Voters in six key 2020 election states have little good to say about how President Donald Trump is handling the coronavirus as the pandemic tears through the country, according to a new CNBC/Change Research poll.
As cases spike in pockets of the South and West after states reopened their economies, likely voters in Arizona, Florida, Michigan, North Carolina, Pennsylvania and Wisconsin believe Trump shoulders much of the blame, the survey released Wednesday found.
When asked to select two people or groups most responsible for the recent increase in hospitalizations, 35% said the president — the largest share among the answers. Trump was followed by “people not wearing masks” at 34%, “states reopening their economies too soon” at 32% and “people not social distancing” at 29%.
The poll suggests many voters think Trump plays a role in the policies and behaviors that have contributed to the flood of infections. A majority of respondents, 55%, said they agree that the president is urging states to restart their economies too quickly in order to boost his reelection prospects, while 45% disagree.
The survey found only 43% of voters agree that Trump is setting a good example and providing accurate information about proper Covid-19 precautions. Another 57% disagree. Trump has drawn backlash for not wearing a face covering in public, a practice his administration says can help to slow infections.
The poll, taken from Friday to Sunday, surveyed 3,729 likely voters in the six states and has a margin of error of plus or minus 1.6 percentage points.
Along with a wave of other recent surveys, it shows Trump has significant ground to make up before November if he wants to win a second term. Presumptive Democratic presidential nominee Joe Biden leads the incumbent by a 50% to 44% margin across the swing states, wider than the 48% to 45% edge he held in a poll taken two weeks earlier.
Here’s the current state of the race in individual states, according to the CNBC/Change Research poll:
- Arizona: Biden 51%, Trump 44%
- Florida: Biden 50%, Trump 45%
- Michigan: Biden 48%, Trump 43%
- North Carolina: Biden 51%, Trump 44%
- Pennsylvania: Biden 50%, Trump 44%
- Wisconsin: Biden 51%, Trump 43%
The survey also shows challenges for Republicans running in Senate races in Arizona, Michigan and North Carolina. Democrats need to win those seats — two of which are held by the GOP and one by Democrats — and a handful of others to flip control of the Senate. Republicans hold a 53-47 majority in the chamber, and keeping it would help them stifle Democratic priorities if Biden wins the White House and his party holds the House.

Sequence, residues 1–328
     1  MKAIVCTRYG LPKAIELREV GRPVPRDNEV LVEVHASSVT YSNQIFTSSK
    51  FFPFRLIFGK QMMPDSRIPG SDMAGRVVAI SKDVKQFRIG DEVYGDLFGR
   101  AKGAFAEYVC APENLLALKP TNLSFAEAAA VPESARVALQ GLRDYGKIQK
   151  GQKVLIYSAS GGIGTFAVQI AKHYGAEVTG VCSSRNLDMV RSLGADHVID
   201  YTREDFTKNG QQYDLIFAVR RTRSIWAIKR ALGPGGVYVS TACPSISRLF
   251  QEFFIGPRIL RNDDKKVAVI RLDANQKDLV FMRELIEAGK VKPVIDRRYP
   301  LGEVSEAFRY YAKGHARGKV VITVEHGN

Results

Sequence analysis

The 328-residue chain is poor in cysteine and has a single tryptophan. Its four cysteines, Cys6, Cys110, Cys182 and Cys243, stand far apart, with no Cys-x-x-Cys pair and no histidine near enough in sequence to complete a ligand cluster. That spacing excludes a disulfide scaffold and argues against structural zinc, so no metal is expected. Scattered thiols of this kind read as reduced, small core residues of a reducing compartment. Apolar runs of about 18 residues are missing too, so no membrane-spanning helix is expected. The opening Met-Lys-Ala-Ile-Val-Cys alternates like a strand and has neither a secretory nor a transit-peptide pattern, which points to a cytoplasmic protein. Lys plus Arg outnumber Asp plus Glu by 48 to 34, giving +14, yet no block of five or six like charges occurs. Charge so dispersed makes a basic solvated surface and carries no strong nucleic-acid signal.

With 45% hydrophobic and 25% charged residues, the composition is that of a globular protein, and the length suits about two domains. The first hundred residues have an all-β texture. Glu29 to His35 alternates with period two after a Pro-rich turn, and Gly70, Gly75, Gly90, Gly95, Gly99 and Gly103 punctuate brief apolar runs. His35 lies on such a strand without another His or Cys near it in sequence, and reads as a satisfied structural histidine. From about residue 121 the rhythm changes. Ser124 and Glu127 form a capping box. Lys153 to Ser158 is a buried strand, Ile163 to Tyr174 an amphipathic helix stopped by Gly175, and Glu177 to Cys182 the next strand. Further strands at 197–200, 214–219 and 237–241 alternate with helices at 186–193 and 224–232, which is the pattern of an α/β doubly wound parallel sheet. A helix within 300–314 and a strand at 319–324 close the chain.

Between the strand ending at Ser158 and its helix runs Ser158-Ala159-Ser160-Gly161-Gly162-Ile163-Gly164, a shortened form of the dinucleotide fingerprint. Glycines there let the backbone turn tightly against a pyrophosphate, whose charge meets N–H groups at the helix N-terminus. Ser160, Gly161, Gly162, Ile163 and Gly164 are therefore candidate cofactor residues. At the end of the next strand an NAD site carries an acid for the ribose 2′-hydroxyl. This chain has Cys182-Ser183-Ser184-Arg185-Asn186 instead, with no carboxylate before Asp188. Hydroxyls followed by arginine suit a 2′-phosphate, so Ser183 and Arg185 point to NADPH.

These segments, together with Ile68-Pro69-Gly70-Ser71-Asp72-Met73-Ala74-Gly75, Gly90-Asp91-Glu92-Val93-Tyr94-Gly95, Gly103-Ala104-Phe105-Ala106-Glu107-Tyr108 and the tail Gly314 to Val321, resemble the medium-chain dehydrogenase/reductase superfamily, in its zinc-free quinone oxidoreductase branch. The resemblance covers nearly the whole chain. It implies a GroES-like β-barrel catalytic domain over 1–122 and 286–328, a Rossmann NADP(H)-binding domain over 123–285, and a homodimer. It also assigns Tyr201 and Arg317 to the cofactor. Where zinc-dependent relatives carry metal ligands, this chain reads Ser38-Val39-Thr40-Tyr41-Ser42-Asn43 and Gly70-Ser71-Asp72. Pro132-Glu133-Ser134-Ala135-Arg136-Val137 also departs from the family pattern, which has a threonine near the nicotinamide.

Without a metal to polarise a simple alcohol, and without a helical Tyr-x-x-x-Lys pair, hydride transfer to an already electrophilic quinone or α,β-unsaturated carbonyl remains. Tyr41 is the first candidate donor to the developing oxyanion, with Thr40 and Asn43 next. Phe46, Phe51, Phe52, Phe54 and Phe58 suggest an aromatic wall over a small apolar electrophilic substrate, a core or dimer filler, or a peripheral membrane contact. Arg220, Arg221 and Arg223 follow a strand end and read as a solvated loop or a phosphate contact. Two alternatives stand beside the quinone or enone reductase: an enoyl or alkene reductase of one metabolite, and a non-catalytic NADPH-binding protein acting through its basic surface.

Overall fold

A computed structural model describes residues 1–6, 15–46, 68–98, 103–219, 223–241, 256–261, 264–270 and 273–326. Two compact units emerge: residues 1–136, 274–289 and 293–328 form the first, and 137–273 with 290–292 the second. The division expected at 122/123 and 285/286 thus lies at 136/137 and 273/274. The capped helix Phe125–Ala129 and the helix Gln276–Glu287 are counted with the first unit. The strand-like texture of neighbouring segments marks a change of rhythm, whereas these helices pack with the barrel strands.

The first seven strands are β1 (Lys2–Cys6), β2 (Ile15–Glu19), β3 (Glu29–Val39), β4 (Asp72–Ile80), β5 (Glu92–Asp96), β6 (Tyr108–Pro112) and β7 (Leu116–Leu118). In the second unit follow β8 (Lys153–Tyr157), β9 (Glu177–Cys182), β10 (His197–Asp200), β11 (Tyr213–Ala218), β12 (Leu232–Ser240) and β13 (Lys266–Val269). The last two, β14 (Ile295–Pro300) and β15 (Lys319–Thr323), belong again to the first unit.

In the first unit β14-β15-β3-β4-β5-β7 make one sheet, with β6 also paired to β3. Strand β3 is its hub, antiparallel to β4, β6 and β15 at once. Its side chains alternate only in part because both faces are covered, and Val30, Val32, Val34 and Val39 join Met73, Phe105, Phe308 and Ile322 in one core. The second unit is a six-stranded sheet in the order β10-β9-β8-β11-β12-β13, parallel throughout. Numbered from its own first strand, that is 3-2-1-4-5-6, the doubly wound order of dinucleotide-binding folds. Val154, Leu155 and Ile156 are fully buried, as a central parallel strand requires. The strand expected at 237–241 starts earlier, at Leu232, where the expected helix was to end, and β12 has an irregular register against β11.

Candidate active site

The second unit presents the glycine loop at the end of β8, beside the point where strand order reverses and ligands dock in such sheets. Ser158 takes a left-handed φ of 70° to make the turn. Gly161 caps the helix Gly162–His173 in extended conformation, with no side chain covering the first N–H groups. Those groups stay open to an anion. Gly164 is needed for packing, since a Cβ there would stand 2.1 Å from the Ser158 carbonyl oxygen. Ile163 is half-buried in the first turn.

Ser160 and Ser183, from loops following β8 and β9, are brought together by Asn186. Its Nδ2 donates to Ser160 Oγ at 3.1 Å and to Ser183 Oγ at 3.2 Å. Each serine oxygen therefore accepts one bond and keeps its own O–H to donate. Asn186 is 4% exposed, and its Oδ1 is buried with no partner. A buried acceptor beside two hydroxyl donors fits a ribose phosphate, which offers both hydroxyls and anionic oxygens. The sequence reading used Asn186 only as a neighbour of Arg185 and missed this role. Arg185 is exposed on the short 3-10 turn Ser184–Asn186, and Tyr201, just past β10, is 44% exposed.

In Arizona, Democratic former astronaut Mark Kelly leads GOP Sen. Martha McSally by 53% to 44%, the poll found. Democratic Sen. Gary Peters holds a 49% to 42% advantage over Army veteran John James in Michigan.
In North Carolina, Democratic former state Sen. Cal Cunningham also holds a 51% to 41% edge over Republican Sen. Thom Tillis. While current polling averages show Kelly and Peters holding wide leads, other recent surveys show a tight race between Cunningham and Tillis.
The findings come as voters in the six states grow more concerned about Covid-19. Arizona and Florida, in particular, are recent hot spots and are among a growing list of states that have scaled back or stalled their economic reopening.
Across the six swing states surveyed, 71% of respondents say they have very or somewhat serious concerns about coronavirus. Two weeks ago, the number stood at 64%.
In response to the increase in cases, 43% of voters surveyed say states should increase precautions again and 27% say they should pause reopening; 18% say the states should continue relaxing precautions, and 12% say they should lift restrictions immediately.
While Trump has not worn a face mask in public, most swing-state voters have not followed his lead. The poll shows 75% of respondents say they are wearing masks in public, up from 68% two weeks ago.
Researchers at Goldman Sachs say a federal mask mandate could reduce new infections and prevent an estimated 5% dip in GDP that would otherwise accompany new lockdowns.
— Graphics by CNBC’s Nate Rattner